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DARPA: Let’s Get Rid of Antibiotics, Since They’ll Be Obsolete Anyway

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For the better part of a century, antibiotics have given doctors great powers to cure all sorts of bacterial infections. But due to bacteria's nasty habit of evolving, along with widespread overuse of these drugs, disease-causing bacteria are evolving antibiotic resistance at an alarming rate, making it much harder, and at times impossible, to wipe them out. DARPA, the military's research agency, is eyeing an innovative solution to the problem: Rather than struggling to make better antibiotics, ditch them altogether. It may be time to start killing bacteria a whole new way. The agency issued a call for proposals to develop a system of bacteria-beating drugs based on siRNAs, tiny scraps of genetic material that turn genes on and off. The idea is to hitch siRNAs onto a nanoparticle, which can make its way into the bacterial cell. What's more, DARPA wants siRNAs "whose sequence and objective can be reprogrammed 'on-the-fly' to inhibit multiple targets within multiple classes of pathogens," meaning they can be easily tweaked and tailored in the lab to combat a new bacteria or virus, be it a naturally emerging disease or a carefully designed bioweapon.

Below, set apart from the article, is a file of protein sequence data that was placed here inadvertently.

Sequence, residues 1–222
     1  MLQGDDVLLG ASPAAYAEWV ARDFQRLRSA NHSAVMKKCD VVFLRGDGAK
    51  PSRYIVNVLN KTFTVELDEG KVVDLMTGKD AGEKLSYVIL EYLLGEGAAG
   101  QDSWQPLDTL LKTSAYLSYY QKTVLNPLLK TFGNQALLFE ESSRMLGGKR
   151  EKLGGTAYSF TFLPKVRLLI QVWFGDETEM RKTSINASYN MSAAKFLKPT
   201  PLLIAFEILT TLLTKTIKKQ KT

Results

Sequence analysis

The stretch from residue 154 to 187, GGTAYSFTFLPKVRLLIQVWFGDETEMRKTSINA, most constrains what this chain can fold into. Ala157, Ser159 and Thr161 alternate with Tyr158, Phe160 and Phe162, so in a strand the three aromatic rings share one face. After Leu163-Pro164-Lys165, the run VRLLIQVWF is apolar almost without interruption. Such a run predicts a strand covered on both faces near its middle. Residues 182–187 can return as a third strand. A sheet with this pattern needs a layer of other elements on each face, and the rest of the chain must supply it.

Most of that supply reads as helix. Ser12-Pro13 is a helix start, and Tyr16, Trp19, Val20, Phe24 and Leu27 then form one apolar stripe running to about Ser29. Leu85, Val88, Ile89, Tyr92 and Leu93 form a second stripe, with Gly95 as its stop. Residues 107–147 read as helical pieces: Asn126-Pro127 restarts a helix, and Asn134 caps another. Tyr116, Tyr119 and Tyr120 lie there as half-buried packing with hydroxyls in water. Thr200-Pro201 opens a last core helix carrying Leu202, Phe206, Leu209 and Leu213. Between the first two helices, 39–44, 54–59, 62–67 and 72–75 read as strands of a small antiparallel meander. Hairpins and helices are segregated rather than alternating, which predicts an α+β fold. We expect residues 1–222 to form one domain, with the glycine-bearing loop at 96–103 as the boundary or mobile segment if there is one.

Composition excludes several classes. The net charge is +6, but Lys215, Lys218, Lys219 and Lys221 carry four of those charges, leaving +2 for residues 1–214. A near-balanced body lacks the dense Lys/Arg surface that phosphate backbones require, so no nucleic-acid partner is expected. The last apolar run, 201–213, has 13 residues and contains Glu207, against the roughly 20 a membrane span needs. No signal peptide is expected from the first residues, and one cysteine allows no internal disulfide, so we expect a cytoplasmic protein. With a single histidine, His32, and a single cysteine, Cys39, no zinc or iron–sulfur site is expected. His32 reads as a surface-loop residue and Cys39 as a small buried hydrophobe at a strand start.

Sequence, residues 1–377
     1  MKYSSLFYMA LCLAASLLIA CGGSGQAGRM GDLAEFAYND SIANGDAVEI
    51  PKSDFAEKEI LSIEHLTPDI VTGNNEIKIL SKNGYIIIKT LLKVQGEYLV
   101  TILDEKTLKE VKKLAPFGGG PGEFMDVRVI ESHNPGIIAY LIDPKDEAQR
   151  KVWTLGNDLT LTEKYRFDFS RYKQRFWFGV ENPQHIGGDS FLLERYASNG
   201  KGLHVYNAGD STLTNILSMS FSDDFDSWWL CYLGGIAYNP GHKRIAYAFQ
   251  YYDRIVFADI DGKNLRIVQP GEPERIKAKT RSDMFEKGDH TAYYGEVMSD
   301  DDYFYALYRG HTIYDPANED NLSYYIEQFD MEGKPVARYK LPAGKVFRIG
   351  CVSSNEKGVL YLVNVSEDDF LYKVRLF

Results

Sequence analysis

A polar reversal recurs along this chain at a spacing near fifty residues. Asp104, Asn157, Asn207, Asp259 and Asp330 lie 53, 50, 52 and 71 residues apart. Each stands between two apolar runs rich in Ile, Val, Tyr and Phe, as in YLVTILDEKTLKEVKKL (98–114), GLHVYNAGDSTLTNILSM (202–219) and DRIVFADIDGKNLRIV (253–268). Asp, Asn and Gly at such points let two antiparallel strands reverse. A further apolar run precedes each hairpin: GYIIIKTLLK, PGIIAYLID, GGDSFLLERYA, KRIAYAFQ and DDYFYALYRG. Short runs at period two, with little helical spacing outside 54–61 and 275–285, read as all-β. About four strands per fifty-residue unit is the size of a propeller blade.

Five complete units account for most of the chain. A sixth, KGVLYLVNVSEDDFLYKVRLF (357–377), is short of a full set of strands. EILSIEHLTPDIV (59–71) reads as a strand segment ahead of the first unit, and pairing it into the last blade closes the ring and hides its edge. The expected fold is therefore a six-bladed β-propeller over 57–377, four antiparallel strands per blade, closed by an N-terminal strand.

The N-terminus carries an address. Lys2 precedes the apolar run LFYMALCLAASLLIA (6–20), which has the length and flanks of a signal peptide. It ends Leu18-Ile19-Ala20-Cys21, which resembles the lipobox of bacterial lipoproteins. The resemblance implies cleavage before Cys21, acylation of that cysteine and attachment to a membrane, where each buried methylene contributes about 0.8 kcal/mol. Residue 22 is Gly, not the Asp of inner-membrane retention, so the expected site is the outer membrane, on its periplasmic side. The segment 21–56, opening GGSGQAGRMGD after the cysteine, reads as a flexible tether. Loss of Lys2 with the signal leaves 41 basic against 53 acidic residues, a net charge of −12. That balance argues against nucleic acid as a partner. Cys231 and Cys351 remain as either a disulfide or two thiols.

DARPA is known for its at times far-fetched requests, but as Katie Drummond at Wired's Danger Room points out, the basic science has been worked out—albeit not with the range or speed DARPA has in mind:

[R]esearchers already know how to engineer siRNA and shove it into nanoparticles. They did it last year,